Tell us something people would be surprised to know about you.

I have four horses, including a very handsome Gypsy Vanner named Fabio, who was indeed named after the long-ago Harlequin Romance model.  I’m dating myself for even mentioning that bit of trivia.  I am an animal lover in general, and at last count, we have 23 animals, most of whom use better hair products and have more clothing items than me.

I am also a mixed media artist, and I customize dolls, with my favorite genres being gothic, steampunk, and horror, as well as anthropomorphic hybrids.  I also enjoy painting, working with resin, creating miniatures, and I love working with my scroll saw to create puzzles and home décor. 

I am not athletic, but I enjoy the outdoors and life in the country, and I build campfires and hike for kindling with my miniature horse on temperate weekends.  I am an expert in s’mores.

Finally, I homeschool my two daughters, one of whom is now 21, and I have to say that the Women and Gender Studies Center is my youngest daughter’s favorite place to study on the days she comes with me to campus.  Through my work, she has also developed an interest in gender advocacy, and I love that she has met so many of the people that have positively influenced me over the past couple of years.

 

Any additional information you would like to share about your time with Women and Gender Studies?

My experiences in global health, anthropology, and WGST has ignited a desire to explore health, disability, and gender in art, as well as medical history.  So, I am very excited to be heading over to the Art History MA in the Spring.  I plan to stay connected with Dr. Rachel Lewis and her expertise in the area of disability theory, and I hope to continue to “hang out” in the Center.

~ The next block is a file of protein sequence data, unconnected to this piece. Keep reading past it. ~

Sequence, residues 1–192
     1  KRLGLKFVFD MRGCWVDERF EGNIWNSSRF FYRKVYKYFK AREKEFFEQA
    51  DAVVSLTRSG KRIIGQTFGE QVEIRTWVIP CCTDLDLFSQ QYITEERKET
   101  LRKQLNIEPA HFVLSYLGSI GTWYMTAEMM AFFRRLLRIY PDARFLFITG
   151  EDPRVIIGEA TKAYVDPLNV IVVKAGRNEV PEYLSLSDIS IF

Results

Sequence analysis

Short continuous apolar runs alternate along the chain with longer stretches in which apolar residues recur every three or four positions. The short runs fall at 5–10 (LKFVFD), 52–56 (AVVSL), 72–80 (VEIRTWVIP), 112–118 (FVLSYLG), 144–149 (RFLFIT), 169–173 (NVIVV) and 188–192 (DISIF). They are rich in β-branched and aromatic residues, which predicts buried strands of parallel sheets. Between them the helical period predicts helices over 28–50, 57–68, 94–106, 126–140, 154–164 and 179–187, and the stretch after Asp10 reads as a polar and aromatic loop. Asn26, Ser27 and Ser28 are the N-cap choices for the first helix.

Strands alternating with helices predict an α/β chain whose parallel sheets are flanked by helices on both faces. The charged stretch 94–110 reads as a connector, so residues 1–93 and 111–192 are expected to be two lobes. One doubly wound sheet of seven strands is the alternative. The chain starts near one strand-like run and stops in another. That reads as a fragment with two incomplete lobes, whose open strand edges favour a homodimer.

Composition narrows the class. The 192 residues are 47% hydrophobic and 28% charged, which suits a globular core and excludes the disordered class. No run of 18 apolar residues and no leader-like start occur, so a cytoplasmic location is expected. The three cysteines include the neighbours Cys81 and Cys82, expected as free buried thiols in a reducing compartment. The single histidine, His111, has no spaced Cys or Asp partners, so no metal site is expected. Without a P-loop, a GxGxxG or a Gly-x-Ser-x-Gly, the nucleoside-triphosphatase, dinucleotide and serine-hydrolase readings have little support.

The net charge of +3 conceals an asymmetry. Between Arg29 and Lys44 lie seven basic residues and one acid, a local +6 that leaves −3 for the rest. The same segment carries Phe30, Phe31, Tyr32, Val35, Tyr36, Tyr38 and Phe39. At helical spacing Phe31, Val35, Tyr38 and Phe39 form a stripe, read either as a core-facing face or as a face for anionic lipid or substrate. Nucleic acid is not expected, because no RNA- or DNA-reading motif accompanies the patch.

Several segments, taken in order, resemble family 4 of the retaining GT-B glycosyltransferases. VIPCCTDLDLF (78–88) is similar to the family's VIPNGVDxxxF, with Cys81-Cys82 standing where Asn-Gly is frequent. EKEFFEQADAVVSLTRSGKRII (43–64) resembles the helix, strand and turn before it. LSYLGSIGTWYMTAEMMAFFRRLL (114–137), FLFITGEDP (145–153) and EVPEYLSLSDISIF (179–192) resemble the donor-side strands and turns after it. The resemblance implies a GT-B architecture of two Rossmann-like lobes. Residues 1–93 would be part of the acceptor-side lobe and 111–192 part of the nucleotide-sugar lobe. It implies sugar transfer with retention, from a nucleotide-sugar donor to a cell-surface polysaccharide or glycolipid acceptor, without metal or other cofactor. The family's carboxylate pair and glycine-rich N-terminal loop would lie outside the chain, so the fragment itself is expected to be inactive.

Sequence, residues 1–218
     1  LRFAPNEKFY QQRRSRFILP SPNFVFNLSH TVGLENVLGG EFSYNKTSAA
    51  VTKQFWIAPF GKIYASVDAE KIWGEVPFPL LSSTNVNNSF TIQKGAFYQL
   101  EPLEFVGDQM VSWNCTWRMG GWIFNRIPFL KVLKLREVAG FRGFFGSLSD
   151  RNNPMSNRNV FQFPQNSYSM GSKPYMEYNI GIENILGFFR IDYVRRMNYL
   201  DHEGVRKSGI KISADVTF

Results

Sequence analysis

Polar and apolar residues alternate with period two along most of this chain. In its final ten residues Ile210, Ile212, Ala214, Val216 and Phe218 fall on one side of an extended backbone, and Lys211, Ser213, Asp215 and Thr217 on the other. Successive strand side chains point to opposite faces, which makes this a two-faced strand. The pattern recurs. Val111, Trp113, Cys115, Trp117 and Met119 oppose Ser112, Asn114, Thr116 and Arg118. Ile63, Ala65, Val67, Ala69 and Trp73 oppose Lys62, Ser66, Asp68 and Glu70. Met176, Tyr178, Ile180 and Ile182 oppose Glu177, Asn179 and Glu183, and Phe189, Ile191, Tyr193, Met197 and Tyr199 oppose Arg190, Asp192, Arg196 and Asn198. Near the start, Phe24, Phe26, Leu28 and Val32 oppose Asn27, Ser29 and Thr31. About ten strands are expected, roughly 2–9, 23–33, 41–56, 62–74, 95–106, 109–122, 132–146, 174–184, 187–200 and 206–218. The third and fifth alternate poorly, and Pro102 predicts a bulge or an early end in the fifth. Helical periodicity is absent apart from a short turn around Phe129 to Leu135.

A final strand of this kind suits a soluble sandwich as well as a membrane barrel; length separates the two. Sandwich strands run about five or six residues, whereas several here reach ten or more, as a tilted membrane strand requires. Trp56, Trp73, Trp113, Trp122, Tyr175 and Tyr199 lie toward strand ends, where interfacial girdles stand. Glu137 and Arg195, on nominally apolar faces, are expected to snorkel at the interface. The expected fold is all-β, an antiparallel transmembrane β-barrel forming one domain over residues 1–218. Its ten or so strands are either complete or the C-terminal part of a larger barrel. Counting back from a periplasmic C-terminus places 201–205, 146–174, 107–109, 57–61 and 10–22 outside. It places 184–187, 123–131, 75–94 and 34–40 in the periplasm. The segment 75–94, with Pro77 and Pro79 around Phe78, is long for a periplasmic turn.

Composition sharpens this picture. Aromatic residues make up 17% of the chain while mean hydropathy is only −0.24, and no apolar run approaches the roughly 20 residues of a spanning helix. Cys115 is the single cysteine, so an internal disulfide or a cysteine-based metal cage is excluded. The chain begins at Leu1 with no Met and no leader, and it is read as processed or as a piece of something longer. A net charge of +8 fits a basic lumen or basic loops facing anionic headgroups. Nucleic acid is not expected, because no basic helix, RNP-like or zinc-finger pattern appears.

I think that everyone should take a course through WGST as a way to broaden the scope of their studies, even if you are in a different major or concentration.  I have met students in my courses whom decided to take a class because they were “curious” or just wanted to better understand a LGBTQ loved one or enhance their professional experience through diversity education.  One of the neat aspects of this department is that it has varied real-life application, even if it’s just to learn how to navigate the wide range of intersectionality and difference in our lives from a meaningful and competent perspective.  Tolerance is not the same as acceptance, and we need more understanding and acceptance in our world, whether it is in politics, communities, workplaces, and social networks.  It has become way too easy to exist in the virtual comfort of what we are “used to”, but we need to encompass and include that which is challenging and unfamiliar. 

You can follow Shannyn Snyder on Facebook or email her at ssnyder7@gmu.edu.

 

Congratulations Shannyn! Women and Gender Studies wish you a great journey ahead.